rcarke250, correct... XP will only see 2 TB, actually 1.891TB and will not deal with GUID at all... there are RAID cards that overcome this by SLICING the capacities into chunks so that XP, W2k3, w2k, etc. can see and use the full capacity...

under Windows 7 (64bit at least) can use partitions larger than that...

Ben
"If it works don't fix it! If it doesn't use a sledgehammer..."
How to ask a question, when posting them to a professional forum.
Only ask questions with yes/no answers if you want "yes" or "no"

RE: Windows XP Maximum Harddrive Size

Doesn't matter, it has to do with addressable sectors. You can partition the drive into more than one partition, just not a huge D: drive. It would have to be D: and E: drives.  

RE: Windows XP Maximum Harddrive Size

(no MBR or DOS partition) - that would only leave GUID for partitioning, and XP can't do that...

if you need storage, thing about a small NAS, such as a Buffalo Linkstation, though more expensive than dropping a drive into the PC, but it does not have the limit of 2TB...

Ben
"If it works don't fix it! If it doesn't use a sledgehammer..."
How to ask a question, when posting them to a professional forum.
Only ask questions with yes/no answers if you want "yes" or "no"

RE: Windows XP Maximum Harddrive Size

Windows Vista SP1 and newer are Advanced Format/4K Aware.  Windows XP is left out in the cold.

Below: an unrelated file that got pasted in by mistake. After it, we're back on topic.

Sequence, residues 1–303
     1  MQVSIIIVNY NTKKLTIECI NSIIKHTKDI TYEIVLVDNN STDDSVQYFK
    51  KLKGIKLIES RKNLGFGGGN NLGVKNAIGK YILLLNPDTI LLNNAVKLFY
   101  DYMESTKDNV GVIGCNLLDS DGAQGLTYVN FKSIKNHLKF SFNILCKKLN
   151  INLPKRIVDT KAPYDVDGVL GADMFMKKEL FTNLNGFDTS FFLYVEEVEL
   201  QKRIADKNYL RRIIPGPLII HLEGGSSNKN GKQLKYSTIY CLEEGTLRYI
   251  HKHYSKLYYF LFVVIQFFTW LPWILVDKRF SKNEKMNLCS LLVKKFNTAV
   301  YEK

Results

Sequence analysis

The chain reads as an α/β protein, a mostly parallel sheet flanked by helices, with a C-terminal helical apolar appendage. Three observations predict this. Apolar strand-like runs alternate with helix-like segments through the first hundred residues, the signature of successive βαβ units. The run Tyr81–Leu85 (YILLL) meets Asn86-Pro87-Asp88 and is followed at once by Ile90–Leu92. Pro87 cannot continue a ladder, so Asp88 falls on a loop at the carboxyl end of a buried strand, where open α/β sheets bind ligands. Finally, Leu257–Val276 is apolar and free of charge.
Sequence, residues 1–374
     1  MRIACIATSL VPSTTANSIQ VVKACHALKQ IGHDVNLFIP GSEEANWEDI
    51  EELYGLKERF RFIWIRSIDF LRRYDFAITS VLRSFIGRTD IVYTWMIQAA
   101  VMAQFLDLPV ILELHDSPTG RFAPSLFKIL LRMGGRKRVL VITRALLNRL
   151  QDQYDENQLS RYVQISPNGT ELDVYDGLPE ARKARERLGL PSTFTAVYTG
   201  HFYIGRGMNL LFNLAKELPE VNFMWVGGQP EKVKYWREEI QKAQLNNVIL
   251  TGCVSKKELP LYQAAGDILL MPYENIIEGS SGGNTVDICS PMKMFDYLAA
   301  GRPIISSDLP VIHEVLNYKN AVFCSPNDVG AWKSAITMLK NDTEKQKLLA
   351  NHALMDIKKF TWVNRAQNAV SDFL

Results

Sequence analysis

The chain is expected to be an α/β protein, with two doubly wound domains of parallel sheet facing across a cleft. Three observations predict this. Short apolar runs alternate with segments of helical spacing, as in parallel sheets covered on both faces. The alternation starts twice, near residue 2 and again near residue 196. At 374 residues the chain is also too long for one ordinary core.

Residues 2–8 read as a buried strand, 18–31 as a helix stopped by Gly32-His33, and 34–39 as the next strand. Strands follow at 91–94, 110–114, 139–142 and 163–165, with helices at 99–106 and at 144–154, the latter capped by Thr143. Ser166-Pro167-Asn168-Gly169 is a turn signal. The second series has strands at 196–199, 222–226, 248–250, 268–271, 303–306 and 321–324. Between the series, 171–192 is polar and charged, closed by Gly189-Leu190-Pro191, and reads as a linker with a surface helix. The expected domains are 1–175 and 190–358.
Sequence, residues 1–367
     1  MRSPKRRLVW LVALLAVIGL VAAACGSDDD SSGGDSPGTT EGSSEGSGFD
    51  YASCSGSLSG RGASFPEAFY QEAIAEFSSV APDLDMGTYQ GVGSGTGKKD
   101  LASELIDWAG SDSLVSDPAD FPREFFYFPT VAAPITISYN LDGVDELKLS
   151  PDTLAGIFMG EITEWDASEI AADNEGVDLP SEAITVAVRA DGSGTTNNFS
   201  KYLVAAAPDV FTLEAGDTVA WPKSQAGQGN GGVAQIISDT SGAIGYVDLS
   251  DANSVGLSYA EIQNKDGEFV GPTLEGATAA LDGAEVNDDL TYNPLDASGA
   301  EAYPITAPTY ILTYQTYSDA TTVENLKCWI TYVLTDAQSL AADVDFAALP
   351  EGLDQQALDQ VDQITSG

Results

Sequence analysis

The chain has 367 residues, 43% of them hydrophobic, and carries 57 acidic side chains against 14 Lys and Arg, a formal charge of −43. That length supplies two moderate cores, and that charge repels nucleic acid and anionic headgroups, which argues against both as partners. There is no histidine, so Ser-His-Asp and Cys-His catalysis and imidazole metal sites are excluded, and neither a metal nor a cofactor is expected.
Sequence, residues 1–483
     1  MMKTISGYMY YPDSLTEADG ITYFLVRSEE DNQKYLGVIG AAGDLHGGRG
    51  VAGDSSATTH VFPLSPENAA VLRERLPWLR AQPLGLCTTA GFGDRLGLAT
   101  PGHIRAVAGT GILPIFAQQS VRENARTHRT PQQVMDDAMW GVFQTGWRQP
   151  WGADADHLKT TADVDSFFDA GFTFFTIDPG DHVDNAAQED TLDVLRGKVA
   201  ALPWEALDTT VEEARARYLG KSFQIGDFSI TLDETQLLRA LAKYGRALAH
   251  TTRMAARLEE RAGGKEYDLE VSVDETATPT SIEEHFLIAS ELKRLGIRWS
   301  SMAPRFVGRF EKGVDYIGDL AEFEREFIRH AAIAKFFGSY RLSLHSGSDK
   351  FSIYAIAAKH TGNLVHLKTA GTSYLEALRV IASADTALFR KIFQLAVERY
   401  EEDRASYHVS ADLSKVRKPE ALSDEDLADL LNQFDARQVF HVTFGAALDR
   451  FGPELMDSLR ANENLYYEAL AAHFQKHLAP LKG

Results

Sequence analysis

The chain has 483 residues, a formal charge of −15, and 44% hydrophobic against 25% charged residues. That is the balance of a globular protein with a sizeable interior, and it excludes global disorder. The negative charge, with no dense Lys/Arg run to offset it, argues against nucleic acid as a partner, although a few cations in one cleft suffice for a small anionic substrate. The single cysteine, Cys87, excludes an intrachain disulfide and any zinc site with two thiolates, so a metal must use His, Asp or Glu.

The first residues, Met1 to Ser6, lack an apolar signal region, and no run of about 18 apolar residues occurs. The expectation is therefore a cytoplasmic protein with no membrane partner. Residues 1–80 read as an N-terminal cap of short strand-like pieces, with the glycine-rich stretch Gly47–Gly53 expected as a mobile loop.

Information about Microsoft support policy for large sector drives in Windows
http://support.microsoft.com/kb/2510009

One major reason XP isn't compatible with Advanced Format is that the disk alignment is offset whereas the new standard is a 0 offset.  Clearly, Microsoft has no plans to upgrade XP's format or partitioning capabilities as it did with Vista SP1.  (Apparently an AF drive can be formatted or partitioned in a newer OS and then used by XP, but don't even try to have XP to change the partitioning or reformat!

Western Digital has a controller card that can be installed for use with XP.

Seagate described the background:
http://consumer.media.seagate.com/2010/03/the-digital-den/4k-sector-hard-drive-primer/
Seagate's firmware solution ... SmartAlign:
http://consumer.media.seagate.com/2010/06/the-digital-den/advanced-format-drives-with-smartalign/

Be aware that SmartAlign will let XP break the 2TB disk size barrier but the 2TB partition size barrier remains.
Note that  

Red Flag This Post

Please let us know here why this post is inappropriate. Reasons such as off-topic, duplicates, flames, illegal, vulgar, or students posting their homework.

Red Flag Submitted

Thank you for helping keep Tek-Tips Forums free from inappropriate posts.
The Tek-Tips staff will check this out and take appropriate action.

Reply To This Thread

Posting in the Tek-Tips forums is a member-only feature.

Click Here to join Tek-Tips and talk with other members! Already a Member? Login

Close Box

Join Tek-Tips® Today!

Join your peers on the Internet's largest technical computer professional community.
It's easy to join and it's free.

Here's Why Members Love Tek-Tips Forums:

Register now while it's still free!

Already a member? Close this window and log in.

Join Us             Close